- by having the necessary culture to engage with subordinates in a positive way, a leader is more likely bring about a culture of inclusion and discussion making. A positive culture is likely to lead to positive benefit like innovation and subordinate loyalty. This will likely lead to achieving a higher level of productivity than if there was a culture of separation and restricted discussion.
engage with their subordinates to ensure that they have a comprehensive understanding of the leaders and the subordinates requirements and have the commitment to achieve a good outcome from the work proposed using the necessary organisational elements (structure, processes, and culture) or the ability to adjust those elements to achieve the desired outcomes. A focus on reviewing the work produced at the end of the process and looking at practical ways to improve the outcome the next time the work is performed is a must.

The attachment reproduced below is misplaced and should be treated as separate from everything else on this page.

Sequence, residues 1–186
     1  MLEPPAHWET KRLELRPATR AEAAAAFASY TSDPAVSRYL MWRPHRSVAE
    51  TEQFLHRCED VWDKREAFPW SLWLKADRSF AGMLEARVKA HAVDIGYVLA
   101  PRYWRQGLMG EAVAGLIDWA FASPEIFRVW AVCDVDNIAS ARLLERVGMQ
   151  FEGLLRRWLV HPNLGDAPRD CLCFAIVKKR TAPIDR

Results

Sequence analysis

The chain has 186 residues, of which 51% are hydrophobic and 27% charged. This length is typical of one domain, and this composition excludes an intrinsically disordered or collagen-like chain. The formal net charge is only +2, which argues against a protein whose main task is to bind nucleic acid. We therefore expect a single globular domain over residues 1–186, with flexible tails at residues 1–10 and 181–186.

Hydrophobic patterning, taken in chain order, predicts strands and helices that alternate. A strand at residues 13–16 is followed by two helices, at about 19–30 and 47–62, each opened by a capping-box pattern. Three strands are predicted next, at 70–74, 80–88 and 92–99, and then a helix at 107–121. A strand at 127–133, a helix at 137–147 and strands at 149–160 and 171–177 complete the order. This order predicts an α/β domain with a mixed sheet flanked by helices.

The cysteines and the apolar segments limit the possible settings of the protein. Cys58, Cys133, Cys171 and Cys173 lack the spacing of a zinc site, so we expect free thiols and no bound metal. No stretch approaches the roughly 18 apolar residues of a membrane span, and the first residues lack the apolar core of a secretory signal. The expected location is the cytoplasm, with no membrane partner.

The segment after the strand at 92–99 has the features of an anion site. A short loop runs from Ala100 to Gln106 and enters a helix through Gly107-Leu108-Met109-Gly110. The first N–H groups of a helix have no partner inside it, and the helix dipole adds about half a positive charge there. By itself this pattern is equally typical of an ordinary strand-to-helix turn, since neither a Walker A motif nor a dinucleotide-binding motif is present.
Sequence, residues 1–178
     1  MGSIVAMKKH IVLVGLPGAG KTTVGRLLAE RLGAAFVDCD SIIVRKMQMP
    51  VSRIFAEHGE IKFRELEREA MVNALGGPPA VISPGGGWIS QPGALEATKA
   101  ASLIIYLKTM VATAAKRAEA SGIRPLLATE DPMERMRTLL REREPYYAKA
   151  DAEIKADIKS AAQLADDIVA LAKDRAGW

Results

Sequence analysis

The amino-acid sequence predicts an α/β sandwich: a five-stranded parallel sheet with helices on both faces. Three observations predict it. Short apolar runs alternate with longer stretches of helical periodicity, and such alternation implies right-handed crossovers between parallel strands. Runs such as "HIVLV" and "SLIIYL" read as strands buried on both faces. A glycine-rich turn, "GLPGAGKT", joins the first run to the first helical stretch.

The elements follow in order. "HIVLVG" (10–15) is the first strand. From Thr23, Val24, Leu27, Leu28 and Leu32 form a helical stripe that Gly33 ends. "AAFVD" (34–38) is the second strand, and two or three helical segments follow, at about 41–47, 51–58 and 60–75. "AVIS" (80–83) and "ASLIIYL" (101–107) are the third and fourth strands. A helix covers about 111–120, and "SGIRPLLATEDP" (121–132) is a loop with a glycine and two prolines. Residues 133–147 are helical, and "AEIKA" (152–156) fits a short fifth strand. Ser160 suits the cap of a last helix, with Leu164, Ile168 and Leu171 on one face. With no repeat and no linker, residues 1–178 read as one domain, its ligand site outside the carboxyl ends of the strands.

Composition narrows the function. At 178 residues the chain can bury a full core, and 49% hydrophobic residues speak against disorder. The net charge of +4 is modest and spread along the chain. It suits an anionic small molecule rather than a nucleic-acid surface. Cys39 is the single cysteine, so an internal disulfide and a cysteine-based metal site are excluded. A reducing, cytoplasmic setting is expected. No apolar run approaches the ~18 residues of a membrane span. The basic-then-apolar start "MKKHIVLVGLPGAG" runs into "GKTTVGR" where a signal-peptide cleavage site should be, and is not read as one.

The way to build effective design leaders is to focus on the way in which these up and coming leaders delegate tasks to their subordinates and to ensure they have measures in place that allow these growing leaders to implement the organisational elements necessary to enable their subordinates to also grow as future leaders. But you must start from the top of the organisation and work down rather than start from the bottom and work up.